https://nrm.dfg.ca.gov/FileHandler.ashx?DocumentID=2287&inline=1 (species info)

https://nrm.dfg.ca.gov/FileHandler.ashx?DocumentID=2288&inline=1 (range map)

https://static.inaturalist.org/photos/1960472/medium.JPG?1433478775 (pic)

http://cameratrapcodger.blogspot.com/2010/11/bewitching-fog-shrew.html

BACK... to Shelter Cove mammals QUICK-LINKS

Trowbridge’s Shrew (Sorex trowbridgii)*: present along California coast, Coast Ranges, Sierra Nevada and Cascades south to Monterey Bay and north to the Oregon border; not found in California valleys or deserts; prefers mature coniferous forests with well developed understories and ground cover used to develop burrows and runway systems; unlike many other shrews, its distribution is not closely tied to water, suggesting that they may not need to drink to remain hydrated; feed on insects, spiders, centipedes, worms, and sometimes tree seeds; owls, weasels and giant salamanders are predators

https://nrm.dfg.ca.gov/FileHandler.ashx?DocumentID=2297&inline=1 (species info)

https://nrm.dfg.ca.gov/FileHandler.ashx?DocumentID=2298&inline=1 (range map)

https://www.mammalogy.org/uploads/imagecache/library_image/library/2722.jpg

https://static.inaturalist.org/photos/1978613/medium.JPG?1433819957

Vagrant Shrew (Sorex vagrans)*: present along California coast, Coast Ranges, Sierra Nevada and Cascades south to Santa Barbara County and north to the Oregon border; not found in California valleys or deserts and typically tied to moist habitats and water; prefers foothill to mountain riparian and wet meadow habitats, grasslands and fresh and saline wetlands, from sea level up to 12,000 feet (3750 m) elevation; typically nocturnally active, in dense ground cover and leaf litter habitats, using vole runways to move around; feeds mainly on invertebrates including insects, snails, slugs, worms, spiders, and sometimes seeds, young plant shoots and roots; as compared with the Trowbridge’s Shrew and Coast Mole, the Vagrant Shrew will more likely be found in open grassy areas; predators include owls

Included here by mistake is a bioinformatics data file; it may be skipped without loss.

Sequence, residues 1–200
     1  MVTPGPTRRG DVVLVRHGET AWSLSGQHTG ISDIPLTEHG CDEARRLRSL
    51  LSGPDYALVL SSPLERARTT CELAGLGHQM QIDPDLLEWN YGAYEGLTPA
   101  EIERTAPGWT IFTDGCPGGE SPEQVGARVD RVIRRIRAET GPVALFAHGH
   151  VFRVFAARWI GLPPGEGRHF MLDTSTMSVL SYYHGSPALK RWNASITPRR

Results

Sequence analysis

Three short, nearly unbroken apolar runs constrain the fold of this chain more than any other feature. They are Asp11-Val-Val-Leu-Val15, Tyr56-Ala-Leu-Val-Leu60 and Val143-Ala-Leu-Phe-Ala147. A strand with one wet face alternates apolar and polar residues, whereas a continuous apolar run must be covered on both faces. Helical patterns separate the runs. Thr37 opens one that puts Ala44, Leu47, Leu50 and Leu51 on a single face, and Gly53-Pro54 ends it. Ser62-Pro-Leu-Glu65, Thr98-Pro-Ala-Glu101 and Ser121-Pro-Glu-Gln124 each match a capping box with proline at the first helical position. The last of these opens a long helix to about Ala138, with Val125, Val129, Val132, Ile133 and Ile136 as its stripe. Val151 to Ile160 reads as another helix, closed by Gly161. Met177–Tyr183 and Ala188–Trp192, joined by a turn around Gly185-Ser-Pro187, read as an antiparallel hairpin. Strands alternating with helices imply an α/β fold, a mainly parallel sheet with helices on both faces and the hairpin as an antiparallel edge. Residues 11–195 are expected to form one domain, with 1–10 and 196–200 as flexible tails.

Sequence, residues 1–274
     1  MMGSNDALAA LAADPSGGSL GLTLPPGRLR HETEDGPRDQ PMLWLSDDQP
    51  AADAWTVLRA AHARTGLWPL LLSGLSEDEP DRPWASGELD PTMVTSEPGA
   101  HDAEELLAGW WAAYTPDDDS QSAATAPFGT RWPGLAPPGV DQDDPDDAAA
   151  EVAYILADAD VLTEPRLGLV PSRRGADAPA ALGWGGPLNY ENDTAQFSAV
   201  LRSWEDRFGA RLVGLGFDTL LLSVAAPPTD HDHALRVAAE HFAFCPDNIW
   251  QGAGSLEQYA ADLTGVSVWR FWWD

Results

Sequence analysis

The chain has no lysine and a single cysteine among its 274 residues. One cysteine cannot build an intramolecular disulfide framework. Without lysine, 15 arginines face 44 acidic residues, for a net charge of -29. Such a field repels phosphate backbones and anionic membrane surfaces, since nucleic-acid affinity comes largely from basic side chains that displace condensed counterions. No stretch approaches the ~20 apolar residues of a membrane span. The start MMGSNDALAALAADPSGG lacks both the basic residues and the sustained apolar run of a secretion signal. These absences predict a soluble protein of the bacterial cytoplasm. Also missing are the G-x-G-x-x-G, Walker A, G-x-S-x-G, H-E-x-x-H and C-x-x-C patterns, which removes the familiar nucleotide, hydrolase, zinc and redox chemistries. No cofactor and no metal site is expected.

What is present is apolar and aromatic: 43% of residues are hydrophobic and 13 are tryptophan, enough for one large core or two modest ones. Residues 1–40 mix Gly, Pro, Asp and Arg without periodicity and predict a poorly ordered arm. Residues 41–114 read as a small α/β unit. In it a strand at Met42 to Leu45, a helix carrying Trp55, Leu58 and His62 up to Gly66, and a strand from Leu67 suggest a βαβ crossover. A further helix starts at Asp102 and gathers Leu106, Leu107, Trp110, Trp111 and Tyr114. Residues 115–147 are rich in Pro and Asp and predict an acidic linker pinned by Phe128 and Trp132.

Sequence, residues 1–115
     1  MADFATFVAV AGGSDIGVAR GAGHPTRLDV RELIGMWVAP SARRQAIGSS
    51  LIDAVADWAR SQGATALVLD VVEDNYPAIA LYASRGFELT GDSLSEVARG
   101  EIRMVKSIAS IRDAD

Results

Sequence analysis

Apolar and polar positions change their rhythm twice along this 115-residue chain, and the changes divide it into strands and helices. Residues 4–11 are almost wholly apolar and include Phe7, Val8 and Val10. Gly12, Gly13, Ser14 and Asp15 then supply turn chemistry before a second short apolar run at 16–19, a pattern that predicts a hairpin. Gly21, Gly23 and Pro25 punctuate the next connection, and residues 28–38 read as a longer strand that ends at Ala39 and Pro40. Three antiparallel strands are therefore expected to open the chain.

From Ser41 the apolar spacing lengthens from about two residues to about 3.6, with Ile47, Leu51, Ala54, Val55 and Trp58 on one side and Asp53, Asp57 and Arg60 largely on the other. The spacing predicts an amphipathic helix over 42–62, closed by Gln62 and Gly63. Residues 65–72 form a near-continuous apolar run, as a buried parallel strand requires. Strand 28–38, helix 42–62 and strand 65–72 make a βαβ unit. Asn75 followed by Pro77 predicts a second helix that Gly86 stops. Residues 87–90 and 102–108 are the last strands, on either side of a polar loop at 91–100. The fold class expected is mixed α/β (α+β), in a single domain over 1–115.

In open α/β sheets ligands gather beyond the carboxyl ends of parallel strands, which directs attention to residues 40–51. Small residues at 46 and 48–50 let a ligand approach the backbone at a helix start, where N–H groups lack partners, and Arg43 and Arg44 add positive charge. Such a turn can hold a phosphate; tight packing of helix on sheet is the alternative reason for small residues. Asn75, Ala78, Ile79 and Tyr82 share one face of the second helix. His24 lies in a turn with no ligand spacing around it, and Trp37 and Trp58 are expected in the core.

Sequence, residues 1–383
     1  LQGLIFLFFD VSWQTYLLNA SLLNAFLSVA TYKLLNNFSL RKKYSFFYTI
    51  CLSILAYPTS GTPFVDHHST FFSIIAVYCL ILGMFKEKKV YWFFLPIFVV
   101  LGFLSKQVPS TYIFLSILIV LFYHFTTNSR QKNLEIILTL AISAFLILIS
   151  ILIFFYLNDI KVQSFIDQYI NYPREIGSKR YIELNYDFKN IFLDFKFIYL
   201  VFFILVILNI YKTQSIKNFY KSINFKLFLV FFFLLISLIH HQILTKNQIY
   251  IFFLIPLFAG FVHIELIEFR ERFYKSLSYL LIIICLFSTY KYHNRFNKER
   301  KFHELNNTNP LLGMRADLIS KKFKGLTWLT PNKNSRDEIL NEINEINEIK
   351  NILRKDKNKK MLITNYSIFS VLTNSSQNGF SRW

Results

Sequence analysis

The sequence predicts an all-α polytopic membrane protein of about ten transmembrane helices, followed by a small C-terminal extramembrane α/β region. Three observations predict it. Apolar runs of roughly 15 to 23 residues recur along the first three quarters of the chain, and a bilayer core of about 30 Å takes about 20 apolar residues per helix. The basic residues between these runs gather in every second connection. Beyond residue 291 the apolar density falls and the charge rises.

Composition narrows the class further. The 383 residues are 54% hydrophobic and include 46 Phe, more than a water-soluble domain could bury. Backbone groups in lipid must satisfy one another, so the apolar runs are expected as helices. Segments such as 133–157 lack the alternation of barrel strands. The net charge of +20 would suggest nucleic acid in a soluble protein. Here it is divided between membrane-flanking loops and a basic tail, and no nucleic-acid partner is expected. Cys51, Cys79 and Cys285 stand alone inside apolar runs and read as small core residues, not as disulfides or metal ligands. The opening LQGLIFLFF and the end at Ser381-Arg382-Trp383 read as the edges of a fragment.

https://nrm.dfg.ca.gov/FileHandler.ashx?DocumentID=2283&inline=1 (species info)

https://nrm.dfg.ca.gov/FileHandler.ashx?DocumentID=2284&inline=1 (range map)

https://www.mammalogy.org/uploads/imagecache/library_image/library/2724.jpg

http://linnet.geog.ubc.ca/efauna/photoGallery/ShowImage.aspx?index=37365&size=StandardPhoto

Marsh Shrew/Pacific Water Shrew (Sorex bendirii)*: present along the California coast and Coast Ranges from Sonoma County north to British Columbia; usually found in marshy areas/freshwater wetlands, and during winter rains may frequent moist forests up to 3300 feet (1000 m) from water; feeds on earthworms, sowbugs, spiders, centipedes, termites and other invertebrates; forages above water as well as underneath water where it swims and probes with its snout and whiskers; active nocturnally, under logs and other cover

https://nrm.dfg.ca.gov/FileHandler.ashx?DocumentID=2295&inline=1 (species info)

https://nrm.dfg.ca.gov/FileHandler.ashx?DocumentID=2296&inline=1 (range map)

http://linnet.geog.ubc.ca/efauna/Images/mammal/Big/Sorex%20bendirii1.jpg